Lamott has devised a new kind of religious writing comprising reverence and wisecracks. A word that means both “wit” and “seriousness” is needed to describe Lamott’s religious views. She might be called a literal Protestant, although in college she wanted to be a Jew, and to that end her clever, funny Jewish friends bat-mitzvahed her at her request. Her Christianity did not appear in her novels, however, until All New People, her fourth. It is much more evident in her nonfiction and in the columns she contributed to Salon.com starting in 1999. In them, she puts herself on the line as unequivocally as Flannery O’Connor (though 180 degrees removed from that writer except for her acceptance of the reality of God and Jesus, whom she says she encountered as a real presence in an airplane lavatory thirty-five thousand feet up). She is a single mother, uninhibited and outspoken, an ex-hellraising drug user and alcoholic and a fierce and angry leftist activist who hates George W. Bush and the war in Iraq, including what she recognizes as the injustice, poverty, sybaritic affluence, blindness, insularity, and indifference it fosters.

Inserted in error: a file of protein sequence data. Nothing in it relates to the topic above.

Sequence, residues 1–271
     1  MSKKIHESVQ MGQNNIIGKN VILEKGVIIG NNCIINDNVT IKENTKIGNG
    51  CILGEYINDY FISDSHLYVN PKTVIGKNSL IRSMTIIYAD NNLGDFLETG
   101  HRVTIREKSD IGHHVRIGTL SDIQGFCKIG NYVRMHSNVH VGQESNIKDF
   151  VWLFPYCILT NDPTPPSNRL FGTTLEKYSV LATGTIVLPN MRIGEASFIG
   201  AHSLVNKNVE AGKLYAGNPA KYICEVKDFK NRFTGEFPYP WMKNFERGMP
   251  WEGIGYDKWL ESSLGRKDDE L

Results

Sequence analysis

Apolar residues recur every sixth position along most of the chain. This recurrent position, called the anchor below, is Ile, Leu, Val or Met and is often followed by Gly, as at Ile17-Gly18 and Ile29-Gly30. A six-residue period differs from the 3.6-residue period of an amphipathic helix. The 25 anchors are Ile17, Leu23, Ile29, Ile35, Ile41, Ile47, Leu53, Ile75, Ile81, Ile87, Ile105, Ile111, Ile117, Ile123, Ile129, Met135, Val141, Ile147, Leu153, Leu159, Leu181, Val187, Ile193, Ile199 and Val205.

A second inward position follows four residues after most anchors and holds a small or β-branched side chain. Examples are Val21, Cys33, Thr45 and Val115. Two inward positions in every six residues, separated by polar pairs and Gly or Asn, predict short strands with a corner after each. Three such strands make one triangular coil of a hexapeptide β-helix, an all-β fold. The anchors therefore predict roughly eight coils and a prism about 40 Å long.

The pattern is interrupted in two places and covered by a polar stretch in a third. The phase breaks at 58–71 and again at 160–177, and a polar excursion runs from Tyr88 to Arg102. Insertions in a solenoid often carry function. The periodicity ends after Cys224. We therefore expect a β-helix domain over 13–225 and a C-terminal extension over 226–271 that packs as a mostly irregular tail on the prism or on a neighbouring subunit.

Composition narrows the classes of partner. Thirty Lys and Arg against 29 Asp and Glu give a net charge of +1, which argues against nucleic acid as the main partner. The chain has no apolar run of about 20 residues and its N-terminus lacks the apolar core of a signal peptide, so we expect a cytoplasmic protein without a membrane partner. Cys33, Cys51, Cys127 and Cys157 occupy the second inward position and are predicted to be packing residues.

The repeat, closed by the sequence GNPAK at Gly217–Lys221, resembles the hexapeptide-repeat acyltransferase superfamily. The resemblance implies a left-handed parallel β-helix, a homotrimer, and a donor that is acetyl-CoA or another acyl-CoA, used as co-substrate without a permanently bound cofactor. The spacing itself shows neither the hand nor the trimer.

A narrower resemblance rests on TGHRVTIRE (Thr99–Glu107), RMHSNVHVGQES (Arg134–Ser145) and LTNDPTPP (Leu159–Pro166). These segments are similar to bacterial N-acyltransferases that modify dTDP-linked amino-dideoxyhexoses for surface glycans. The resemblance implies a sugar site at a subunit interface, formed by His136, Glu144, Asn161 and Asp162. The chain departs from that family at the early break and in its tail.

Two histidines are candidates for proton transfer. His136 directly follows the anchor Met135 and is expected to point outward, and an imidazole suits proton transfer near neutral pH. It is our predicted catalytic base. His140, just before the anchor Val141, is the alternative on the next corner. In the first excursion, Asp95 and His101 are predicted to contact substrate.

Lamott believes that American conservatives are deeply wrong and fears that an American theocracy is a real and terrifying possibility. Her version of Christianity would cause mass apoplexy among American fundamentalists, who, she believes, consider heaven to be a great fortress created just for them and barring outsiders from entry. By contrast, Lamott holds that those who have created God in their own image are likely to be off track if it turns out that that God hates the same people they do. Profane and sarcastic and funny, Lamott nevertheless takes absolutely seriously her Christian faith. She believes fervently that the center of Christianity is to try to do well by as many people as one can manage, no matter how antipathetic. She finds sublimity in the daily, materially aided in this by her black church in “non-Yuppie” Marin City (“No MBA. No condo. No BMW”), of which she is a regular communicant and which plays an important part, perhaps a central part, in her life and works. This church, she has noted, taught her to have hope, because if there is hope for someone like her—who did not leap but rather staggered into faith—there is hope for everyone.